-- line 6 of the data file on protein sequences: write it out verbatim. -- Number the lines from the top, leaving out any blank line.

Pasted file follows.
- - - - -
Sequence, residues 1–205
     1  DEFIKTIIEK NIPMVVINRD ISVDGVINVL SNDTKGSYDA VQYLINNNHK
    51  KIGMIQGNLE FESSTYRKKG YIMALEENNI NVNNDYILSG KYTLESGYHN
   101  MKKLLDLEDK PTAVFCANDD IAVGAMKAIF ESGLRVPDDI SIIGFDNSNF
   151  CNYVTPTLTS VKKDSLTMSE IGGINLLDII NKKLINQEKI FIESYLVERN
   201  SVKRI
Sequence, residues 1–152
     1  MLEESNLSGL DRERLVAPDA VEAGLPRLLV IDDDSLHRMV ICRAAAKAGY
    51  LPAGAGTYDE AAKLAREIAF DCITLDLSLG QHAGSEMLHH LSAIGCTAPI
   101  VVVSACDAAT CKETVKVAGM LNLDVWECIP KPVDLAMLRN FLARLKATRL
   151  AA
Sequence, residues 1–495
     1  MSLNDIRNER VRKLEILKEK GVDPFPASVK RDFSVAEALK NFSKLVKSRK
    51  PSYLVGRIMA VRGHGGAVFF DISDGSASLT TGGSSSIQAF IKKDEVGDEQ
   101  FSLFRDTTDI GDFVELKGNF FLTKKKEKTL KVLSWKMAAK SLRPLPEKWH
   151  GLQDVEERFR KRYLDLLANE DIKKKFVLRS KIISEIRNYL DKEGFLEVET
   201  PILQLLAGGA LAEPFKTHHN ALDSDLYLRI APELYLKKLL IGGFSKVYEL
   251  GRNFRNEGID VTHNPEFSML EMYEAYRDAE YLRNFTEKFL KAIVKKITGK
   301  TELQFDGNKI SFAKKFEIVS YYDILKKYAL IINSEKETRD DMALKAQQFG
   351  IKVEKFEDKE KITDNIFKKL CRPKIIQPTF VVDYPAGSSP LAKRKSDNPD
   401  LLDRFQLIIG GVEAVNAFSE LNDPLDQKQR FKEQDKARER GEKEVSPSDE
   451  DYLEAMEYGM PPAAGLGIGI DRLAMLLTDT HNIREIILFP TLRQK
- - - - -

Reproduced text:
   201  SVKRI